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Pusan International Film Festival
BUSAN, South Korea — China’s massive Three Gorges Dam project has been the subject of many films over the past few years, both in the abstract (“Manufactured Landscapes”) and the concrete (“Still Life”). With more than 1 million people displaced when the dam is finally complete, unknown environmental damage and no real idea of the economic advantages, there’s no question of the enormous effects the project will have. “Bingai,” premiering at PIFF, follows the plight of one woman who refuses to be cowed by government forces and won’t accept mandatory relocation quietly.
Given the subject matter, its unfettered observational tone and engaging central figure, “Bingai” is sure to be a hit on the documentary festival circuit. However, the low-key emotional punch and workmanlike style mean that any success beyond that will rely largely on specialty cable.
Director Feng Yan documents Bingai’s seven-year struggle with her local and provincial councils, village elders and friends and family, many of who believe she’s delusional, unreasonable, overly sentimental or all three. When everyone in her farming village opts to move the 120 kilometers downriver on the Yangtze, Bingai opts to fight to stay in her home. She doesn’t want to uproot her family and her unhealthy husband, and her attachment to the land that she’s lived on for years is fierce.
The film’s epilogue states that Bingai lived in a shed for a year after finally losing her home once and for all following her years-long fight, settling for 4,800 yuan (about US$600) as compensation. The outcome of her battle is never in doubt, and it’s her unrealistic belief that she can somehow remain after the waters of the rerouted river flood the entire area that is at the heart of the story.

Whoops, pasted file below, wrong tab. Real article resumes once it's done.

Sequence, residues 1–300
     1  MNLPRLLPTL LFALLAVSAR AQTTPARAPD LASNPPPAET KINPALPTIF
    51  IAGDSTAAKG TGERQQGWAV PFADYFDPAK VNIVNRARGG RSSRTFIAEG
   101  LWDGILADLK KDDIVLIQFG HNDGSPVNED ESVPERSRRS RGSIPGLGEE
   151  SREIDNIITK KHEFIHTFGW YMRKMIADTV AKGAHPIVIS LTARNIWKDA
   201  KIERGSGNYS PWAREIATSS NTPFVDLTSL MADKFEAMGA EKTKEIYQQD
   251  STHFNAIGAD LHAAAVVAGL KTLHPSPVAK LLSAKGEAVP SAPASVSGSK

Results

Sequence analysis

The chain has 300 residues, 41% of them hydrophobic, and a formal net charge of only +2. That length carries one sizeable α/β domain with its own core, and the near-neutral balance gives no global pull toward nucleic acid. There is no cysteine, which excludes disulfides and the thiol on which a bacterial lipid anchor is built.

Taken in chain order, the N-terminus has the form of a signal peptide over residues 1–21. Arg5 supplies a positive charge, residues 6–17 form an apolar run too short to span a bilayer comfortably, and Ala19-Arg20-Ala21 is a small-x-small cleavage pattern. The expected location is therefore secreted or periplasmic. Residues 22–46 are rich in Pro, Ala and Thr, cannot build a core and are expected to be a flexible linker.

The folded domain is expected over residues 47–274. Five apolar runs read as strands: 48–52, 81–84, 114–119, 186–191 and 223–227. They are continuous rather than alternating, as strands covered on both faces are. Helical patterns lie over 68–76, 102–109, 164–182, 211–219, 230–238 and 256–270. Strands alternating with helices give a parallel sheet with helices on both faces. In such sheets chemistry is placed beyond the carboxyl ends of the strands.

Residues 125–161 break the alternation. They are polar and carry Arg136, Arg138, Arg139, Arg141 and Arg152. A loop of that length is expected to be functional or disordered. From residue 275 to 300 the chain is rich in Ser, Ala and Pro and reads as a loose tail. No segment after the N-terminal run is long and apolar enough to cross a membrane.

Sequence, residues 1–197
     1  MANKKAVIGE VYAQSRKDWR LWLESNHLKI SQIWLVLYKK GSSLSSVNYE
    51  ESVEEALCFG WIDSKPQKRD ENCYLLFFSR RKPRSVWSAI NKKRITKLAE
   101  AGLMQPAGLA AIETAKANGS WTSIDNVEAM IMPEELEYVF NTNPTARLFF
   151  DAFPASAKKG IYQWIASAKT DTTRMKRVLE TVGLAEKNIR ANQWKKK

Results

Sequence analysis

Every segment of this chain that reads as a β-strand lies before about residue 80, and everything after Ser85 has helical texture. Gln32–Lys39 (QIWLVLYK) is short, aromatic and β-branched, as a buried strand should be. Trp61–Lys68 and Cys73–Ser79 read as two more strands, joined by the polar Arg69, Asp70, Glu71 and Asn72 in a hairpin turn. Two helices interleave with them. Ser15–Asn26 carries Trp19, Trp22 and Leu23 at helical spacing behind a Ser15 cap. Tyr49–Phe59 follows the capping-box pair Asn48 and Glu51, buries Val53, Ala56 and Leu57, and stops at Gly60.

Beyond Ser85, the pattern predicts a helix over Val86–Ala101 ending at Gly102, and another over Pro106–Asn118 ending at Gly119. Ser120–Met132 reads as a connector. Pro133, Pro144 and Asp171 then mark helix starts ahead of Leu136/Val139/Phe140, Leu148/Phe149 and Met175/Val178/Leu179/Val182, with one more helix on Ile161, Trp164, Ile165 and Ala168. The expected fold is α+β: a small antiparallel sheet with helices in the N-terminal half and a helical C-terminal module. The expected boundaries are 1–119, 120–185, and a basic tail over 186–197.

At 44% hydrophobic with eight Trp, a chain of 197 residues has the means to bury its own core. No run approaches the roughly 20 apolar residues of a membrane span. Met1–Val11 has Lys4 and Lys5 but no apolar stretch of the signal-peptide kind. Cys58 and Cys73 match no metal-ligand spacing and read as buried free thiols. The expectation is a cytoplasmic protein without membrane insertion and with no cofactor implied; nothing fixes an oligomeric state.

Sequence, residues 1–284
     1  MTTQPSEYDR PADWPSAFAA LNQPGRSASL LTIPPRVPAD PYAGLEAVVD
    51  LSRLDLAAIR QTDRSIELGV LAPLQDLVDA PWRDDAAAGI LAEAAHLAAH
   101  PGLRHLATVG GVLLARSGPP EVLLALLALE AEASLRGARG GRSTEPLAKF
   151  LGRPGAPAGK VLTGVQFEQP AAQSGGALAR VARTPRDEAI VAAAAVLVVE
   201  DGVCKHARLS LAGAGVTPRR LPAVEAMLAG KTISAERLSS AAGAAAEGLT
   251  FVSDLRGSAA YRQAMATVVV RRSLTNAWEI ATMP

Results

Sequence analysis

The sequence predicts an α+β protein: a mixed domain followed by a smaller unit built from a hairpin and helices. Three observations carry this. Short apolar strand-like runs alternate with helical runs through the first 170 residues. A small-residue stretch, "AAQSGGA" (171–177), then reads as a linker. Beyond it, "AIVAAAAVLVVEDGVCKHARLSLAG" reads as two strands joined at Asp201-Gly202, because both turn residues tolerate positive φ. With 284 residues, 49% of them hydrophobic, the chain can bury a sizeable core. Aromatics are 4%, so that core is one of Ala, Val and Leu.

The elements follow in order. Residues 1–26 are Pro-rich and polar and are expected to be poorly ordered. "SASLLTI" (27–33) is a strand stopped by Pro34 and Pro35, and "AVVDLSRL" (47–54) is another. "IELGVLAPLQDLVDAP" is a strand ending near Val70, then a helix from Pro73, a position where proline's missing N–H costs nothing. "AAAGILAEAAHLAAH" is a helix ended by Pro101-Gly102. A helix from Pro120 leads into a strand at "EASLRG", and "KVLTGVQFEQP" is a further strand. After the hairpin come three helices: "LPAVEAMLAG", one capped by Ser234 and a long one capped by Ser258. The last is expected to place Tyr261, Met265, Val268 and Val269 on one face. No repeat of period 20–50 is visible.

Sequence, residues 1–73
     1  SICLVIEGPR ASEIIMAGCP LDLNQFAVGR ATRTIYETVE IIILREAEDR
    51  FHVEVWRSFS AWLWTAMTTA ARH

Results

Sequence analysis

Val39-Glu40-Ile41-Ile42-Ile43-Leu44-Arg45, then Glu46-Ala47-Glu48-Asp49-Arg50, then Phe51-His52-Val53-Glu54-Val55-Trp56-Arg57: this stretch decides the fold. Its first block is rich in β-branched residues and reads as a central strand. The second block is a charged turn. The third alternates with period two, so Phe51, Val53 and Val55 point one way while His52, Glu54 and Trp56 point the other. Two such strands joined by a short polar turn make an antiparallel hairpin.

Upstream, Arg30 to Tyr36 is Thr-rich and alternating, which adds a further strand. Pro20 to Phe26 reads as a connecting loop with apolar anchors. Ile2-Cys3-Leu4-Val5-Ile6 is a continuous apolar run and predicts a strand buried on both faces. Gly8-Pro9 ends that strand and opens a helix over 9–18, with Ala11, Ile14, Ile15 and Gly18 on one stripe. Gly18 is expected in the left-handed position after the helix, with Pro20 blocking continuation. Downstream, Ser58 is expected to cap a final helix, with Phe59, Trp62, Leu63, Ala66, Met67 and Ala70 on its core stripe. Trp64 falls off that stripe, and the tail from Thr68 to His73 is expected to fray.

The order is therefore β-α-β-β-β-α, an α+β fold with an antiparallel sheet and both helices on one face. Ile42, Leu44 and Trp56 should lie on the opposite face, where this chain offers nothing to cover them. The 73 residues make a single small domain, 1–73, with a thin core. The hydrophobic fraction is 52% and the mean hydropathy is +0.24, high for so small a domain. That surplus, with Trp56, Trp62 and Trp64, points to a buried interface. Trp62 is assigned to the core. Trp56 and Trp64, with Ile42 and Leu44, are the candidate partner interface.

Documentarian Feng dispenses with any examination of the issues surrounding the Three Gorges project — the ecological impact, environmental aesthetics, economics and human rights — to focus on one person and her community about to be obliterated in the name of progress. Feng essentially recontextualizes Three Gorges’ intellectual place in China, moving it from the purely political realm to the more human one.
The talking heads and long takes of village debates occasionally bring the film to a near halt, hamper any sustained interest in Bingai’s story and blunt an emotional connection. The result is a well-intentioned though oddly unaffecting factual account of an increasingly common occurrence in contemporary China.
A Feng Yan production in association with the Asian Network of Documentary Filmmakers, PUFS Fund, Pusan International Film Festival
Director: Feng Yan
Producer: Feng Yan
Directors of photography: Feng Yan, Feng Wenze
Editors: Feng Yan, Mathieu Haessler
Running time — 117 minutes
No MPAA rating
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